While the state of North Carolina is working toward establishing licensing and education standards for radiologic technologists, Texas is considering eliminating its standards.
Currently in North Carolina, individuals can perform radiologic procedures without taking courses in medical safety, patient positioning or even basic radiologic science physics. The two bills under consideration--House bill 742 and Senate bill 390--require persons performing these procedures to meet educational requirements and present their credentials to North Carolina's Radiologic Imaging and Radiation Therapy (NCSRT) Board of Examiners to get licensed.
If licensed, practitioners would have to get the license renewed every two years and would have to complete 24 hours of continuing education to quality for renewal.
"Setting basic education and certification standards for the personnel who perform radiologic procedures is a common-sense measure that benefits patients in North Carolina," Brenda Greenberg, legislative chairman of the NCSRT in a statement. "Patients expect to be treated by healthcare professionals who understand radiation safety protection measures and are educated in the core fundamentals of radiologic technology; however, in our state, individuals can perform procedures without any training or education."
Conversely, in Texas, the state legislature's Sunset Advisory Commission is recommending the elimination of licensing requirements for 19 occupations, including radiologic technologists.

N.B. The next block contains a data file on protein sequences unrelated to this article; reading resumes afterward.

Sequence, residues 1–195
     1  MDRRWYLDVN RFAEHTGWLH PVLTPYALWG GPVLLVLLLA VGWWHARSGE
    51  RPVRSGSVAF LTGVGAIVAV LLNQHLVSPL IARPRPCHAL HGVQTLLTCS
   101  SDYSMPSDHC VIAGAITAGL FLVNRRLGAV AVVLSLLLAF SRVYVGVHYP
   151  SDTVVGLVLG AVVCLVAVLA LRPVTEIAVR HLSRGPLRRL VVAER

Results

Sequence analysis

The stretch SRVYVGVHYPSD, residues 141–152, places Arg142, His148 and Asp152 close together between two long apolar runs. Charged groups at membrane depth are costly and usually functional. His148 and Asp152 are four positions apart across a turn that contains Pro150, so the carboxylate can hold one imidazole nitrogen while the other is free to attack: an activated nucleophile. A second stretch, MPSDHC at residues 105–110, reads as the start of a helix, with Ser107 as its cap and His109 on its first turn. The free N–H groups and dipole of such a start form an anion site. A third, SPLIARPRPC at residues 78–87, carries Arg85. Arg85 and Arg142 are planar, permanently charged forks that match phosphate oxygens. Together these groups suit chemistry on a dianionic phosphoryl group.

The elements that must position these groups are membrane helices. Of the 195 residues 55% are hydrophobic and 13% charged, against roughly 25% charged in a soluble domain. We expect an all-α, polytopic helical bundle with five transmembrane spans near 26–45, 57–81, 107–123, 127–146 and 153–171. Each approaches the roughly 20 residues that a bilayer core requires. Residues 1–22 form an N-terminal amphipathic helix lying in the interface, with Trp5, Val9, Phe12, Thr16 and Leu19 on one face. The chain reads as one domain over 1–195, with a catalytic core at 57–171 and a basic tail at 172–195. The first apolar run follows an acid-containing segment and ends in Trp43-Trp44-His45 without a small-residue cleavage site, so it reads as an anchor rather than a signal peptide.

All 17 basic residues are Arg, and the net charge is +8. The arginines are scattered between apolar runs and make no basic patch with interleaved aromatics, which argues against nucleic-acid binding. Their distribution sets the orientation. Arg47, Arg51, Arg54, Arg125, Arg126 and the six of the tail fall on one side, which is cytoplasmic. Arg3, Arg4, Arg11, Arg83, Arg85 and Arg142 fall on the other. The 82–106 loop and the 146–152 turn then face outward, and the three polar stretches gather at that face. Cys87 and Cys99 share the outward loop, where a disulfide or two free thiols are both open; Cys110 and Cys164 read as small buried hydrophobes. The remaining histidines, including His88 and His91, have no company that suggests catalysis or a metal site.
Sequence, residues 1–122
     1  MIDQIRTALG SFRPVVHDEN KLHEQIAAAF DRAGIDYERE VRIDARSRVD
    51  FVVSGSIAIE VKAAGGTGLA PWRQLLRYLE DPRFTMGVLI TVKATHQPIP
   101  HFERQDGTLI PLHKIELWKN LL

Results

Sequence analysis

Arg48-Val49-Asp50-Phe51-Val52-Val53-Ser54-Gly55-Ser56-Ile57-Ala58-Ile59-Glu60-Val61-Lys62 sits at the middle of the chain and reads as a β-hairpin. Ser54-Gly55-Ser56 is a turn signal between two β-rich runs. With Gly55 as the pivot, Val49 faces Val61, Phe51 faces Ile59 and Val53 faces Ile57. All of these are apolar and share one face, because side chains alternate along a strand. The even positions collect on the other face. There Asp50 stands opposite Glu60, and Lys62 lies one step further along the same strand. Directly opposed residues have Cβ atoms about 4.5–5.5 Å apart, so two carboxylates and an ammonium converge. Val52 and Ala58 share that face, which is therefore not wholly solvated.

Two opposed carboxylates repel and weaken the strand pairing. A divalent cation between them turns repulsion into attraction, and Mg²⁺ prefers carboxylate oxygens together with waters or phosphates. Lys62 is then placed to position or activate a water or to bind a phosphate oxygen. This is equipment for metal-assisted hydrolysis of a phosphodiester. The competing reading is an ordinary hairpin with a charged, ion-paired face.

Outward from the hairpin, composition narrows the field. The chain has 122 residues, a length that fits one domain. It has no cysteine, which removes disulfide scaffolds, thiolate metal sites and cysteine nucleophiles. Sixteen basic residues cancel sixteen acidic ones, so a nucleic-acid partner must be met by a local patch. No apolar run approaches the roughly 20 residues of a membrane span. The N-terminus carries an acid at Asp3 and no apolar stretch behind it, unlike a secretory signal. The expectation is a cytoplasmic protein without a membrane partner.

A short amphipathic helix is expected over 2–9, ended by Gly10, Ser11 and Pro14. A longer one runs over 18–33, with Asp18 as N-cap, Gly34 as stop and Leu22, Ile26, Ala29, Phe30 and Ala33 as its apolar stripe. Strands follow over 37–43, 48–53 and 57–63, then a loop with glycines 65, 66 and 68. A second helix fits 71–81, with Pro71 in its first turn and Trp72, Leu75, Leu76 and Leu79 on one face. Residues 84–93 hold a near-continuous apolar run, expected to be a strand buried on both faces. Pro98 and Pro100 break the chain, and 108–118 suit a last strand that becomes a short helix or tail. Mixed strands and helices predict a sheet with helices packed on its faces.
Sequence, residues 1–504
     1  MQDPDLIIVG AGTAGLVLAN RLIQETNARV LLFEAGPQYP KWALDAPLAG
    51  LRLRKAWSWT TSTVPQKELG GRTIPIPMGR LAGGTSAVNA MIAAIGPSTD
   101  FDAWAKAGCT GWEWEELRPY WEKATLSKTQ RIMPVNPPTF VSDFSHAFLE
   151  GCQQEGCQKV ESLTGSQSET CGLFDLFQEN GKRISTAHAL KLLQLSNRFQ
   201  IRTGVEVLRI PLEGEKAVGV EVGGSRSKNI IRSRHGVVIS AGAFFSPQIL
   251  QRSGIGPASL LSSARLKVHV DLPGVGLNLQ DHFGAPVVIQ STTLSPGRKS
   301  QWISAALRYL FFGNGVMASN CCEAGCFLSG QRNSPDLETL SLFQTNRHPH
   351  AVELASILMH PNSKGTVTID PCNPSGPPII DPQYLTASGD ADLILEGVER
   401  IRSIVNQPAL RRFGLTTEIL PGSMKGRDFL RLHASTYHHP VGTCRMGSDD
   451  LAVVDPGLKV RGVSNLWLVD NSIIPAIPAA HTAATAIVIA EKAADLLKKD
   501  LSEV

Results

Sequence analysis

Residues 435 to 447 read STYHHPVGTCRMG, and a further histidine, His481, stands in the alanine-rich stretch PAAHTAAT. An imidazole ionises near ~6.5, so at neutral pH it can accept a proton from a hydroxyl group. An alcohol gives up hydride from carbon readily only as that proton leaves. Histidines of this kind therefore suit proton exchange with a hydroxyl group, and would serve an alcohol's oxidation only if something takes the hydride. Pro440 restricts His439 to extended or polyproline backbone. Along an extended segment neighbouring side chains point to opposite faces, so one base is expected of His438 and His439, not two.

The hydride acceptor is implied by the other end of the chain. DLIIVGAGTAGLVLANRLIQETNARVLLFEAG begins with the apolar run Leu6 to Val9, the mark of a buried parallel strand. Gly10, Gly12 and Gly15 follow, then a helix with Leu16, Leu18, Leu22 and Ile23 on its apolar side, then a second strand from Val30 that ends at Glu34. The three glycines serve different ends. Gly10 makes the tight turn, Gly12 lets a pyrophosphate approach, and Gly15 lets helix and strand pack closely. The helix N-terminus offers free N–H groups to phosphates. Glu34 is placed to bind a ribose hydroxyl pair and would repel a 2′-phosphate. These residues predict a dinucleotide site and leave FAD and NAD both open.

The commission believes that the deregulation of radiologic technologists would have "little impact on public health or safety" because they work in facilities subject to federal and state requirements and are subject to "private" accreditation programs, according to an announcement from the American Society of Radiologic Technologist (ASRT).
The ASRT, the American Registry of Radiologic Technologists, the Texas Society of Radiologic Technologists, the North Texas Society of Radiologic Technologists, the Midwestern State University and the University of Texas MD Anderson Cancer Center will send representatives to a public meeting of the Sunset Advisory Commission later this month, where they will argue that radiology technology and medical physics should continue to be licensed.
To learn more:
- see the North Carolina bills, House bill 742 and Senate bill 390
- check out the statement from the ASRT on the North Carolina legislation
- see the announcement from the ASRT on the situation in Texas